2
y21 2
1
n3 A y31
n3 y31
y31 3 (1 3)
20
1
3
= [email protected] yni A iyi1(1 i)ni yi15
i1
i=1
= L(1; 2; 3; y11; y21; y31)
166
167
Since the natural logarithm is a monotone increasing function, the value
that maximizes L(; data) is obtained
by maximizing
Consider the hypothesized model
where
1 = 2 = 3 = ;
01
`(; data) = log[L(; data)]
=
Then the likelihood function becomes
L(; data) =
3
Y
i=1
2
4
3
ni!
yi1(1 )ni yi15
yi1!(ni yi1)!
168
3
X
[log(ni!) log(yi1!)
i=1
log((ni yi1)!)]
+ log()
3
X
i=1
+ log(1 )
yi1
3
X
i=1
(ni yi1)
169
Solve the likelihood equation
0 = @`( ; data)
@
3
X
=
i=1
yi1
Maximum likelihood estimators of
mean (or expected) counts:
3
X
ni yi1
i=1
1 The solution is the maximum likelihood
estimate for for the \independence"
or \homogeneity" model.
3
X
^ =
i=1
yi1
3
X
i=1
ni
= y+1
y++
For this model: Yi1 Bin(ni; )
and mi1 = E (Yi1) = ni
Then E (Yi2) = E (ni Yi1) = ni(1 )
m
^ i1 = ni^ = Yi+Y+1
Y++
m
^ i2 = ni(1 ^) = Yi+Y+2
Y++
Formula for \expected counts
0
10
1
total
for
total
for
@
[email protected]
A
i th row
j th column
0
1
m
^ ij =
total
for
the
@
A
entire table
The formula for the \expected" counts
corresponds to the maximum likelihood
estimators for the means of the counts
for the specied model.
171
170
Maximum likelihood estimates
for the alternative model
(model A):
Yi1 Bin(ni; i)
0 i 1
i = 1; 2; 3
0 = @`
@i
= yi1 ni yi1 ; i = 1; 2; 3
i 1 i
log-likelihood function
`(1; 2; 3; data) =
3
X
i=1
flog(ni!) log(y1i!) log((ni y1i)!)g
+
+
3
X
i=1
3
X
i=1
Likelihood equations:
yi1 log(i)
Solutions:
y
^i = i1 = pi ; i = 1; 2; 3
ni
(ni yi1) log(1 i)
172
173
Maximum likelihood estimates
of expected counts for the
alternative model
m
^ i1 = ni^i =
1
0
yi 1 A
@
ni
ni
m
^ i2 = ni(1 ^i) =
1
yi1 A
ni
nested models;
Model A: Yi1 Bin(ni; i) i = 1; 2; 3
are independent random counts.
= yi1
0
n
ni @ i
Likelihood ratio tests for comparing
= yi2
Maximum likelihood estimators are
Y11
n1
Y
^2 = p2 = 21
n2
Y
^3 = p3 = 31
n3
^1 = p1 =
are the observed counts.
This is called a \saturated"
model because it contains as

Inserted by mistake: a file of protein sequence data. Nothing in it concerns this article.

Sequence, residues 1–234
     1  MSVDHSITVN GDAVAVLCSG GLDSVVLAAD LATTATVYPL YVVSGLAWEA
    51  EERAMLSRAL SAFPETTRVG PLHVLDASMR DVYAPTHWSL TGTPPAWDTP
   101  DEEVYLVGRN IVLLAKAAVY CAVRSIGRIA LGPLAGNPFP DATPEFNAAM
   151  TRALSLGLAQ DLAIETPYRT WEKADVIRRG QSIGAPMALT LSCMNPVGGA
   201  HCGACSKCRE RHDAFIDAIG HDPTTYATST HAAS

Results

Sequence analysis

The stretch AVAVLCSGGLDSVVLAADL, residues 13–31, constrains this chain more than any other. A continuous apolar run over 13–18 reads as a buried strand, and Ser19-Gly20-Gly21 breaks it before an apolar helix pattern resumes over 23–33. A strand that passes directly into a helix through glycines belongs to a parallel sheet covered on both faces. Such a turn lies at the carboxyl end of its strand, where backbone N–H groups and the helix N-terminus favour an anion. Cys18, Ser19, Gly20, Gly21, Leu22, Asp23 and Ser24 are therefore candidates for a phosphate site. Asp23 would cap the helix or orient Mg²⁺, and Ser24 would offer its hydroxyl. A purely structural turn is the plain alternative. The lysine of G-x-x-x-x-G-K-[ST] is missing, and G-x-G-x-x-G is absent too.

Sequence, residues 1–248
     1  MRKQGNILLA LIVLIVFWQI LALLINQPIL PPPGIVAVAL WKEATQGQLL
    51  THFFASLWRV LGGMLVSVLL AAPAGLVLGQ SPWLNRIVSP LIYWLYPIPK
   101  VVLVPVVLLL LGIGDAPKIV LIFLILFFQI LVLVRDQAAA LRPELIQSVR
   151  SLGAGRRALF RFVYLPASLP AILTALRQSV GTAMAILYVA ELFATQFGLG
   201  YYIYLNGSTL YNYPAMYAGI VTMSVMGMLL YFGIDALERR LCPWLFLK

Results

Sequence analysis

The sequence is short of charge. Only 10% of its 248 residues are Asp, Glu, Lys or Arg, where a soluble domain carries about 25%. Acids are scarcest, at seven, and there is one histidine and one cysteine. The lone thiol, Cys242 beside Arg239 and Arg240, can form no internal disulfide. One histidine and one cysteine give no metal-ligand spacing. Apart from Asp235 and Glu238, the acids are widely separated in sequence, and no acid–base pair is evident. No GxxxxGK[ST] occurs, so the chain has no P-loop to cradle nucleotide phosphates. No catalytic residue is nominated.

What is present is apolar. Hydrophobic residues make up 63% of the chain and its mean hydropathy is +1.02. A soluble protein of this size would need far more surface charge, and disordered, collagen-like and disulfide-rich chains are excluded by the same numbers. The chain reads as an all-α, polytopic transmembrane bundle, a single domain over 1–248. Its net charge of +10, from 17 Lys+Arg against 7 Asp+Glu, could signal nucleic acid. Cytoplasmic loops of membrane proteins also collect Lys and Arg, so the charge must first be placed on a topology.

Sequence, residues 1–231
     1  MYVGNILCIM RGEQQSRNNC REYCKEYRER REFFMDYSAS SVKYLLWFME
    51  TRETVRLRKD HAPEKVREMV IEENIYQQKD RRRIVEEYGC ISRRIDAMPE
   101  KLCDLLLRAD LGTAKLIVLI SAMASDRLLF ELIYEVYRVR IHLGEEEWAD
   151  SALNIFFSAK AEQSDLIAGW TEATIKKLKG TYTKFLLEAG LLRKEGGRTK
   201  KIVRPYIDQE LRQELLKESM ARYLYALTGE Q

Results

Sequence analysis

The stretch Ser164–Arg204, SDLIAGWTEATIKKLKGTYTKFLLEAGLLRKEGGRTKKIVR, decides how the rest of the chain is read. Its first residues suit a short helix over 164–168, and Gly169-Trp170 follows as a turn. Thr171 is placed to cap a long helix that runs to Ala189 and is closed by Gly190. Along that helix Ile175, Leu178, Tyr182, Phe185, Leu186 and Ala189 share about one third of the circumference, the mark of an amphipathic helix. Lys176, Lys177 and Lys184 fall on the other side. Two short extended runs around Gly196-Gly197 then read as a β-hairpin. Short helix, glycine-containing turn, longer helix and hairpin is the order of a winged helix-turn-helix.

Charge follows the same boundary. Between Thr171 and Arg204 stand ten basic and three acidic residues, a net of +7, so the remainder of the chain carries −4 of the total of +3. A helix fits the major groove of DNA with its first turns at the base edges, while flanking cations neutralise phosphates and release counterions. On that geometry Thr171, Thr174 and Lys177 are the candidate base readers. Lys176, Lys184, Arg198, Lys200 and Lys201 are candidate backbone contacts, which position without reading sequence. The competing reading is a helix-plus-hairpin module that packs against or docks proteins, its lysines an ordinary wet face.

many parameters (1; 2; 3)
as independent counts
(Y11; Y21; Y31).
175
174
Ratio of Likelihoods:
^ =
Model B: Model A with the added restrictions that 1 = 2 = 3 = 3
X
^ =
i=1
Yi1
3
X
i=1
ni
Lmodel B(^; data)
Lmodel A(^1; ^2; ^3; data)
ni!
^yi1(1 ^)ni yi1
y
!(
n
y
)!
i
1
i
i
1
i
=1
= Y3
ni !
^iyi1(1 ^i)ni yi1
i=1 yi1!(ni yi1)!
3
Y
=
3
Y
i=1
2 3y
2
i1 4
4 5
^
^i
3
1 ^ 5ni yi2
1 ^i
Note that 0 ^ 1 and small
values of ^ suggest that model
A is substantially better than
model B.
176
177
2
3
of parameter 5
d.f. = 4 dimension
space for model A
2
3
dimension
of
parameter
4
5
space for model B
When the null hypothesis
(model B) is correct and
each ni is \large", then
= 3 1= 2
and in this case
2 log(^ ) 2d:f :
2 log(^ ) = 2
8
3
<X
:
^i !
yi1 log
^
i=1
9
1
^i !=
+ yi2 log
1 ^ ;
i=1
3
X
=2
3
X
2
X
i=1 j =1
yij
1
0
m
A;ij
A
log @
^
m
^ B;ij
179
178
\Expected" counts:
Model A: m
^ A;i1 = ni^i = yi1
m
^ B;i2 = ni(1 ^i)
= (ni yi1) = yi2
Model B: m
^ B;i1 = ni^ = m
^ i1
m
^ B;i1 = ni(1 ^) = m
^ i2
Then
0
1
y
yij log @ ij A
m
^ ij
i j
= G2:
2 log(^ ) = 2
X X
180
The general form for the Pearson
chi-squared statistic is
X X (m
^ A;ij m
^ B;ij )2
X2 =
:
m
^ B;ij
i j
When model A (the alternative
hypothesis) places no restrictions on
the parameters it is called the
general alternative and
m
^ A;ij = Yij :
Simplifying the notation, m
^ ij = m
^ B;ij;
the Pearson statistic becomes
X X (Yij
m
^ ij )2
X2 =
m
^ ij
i j
181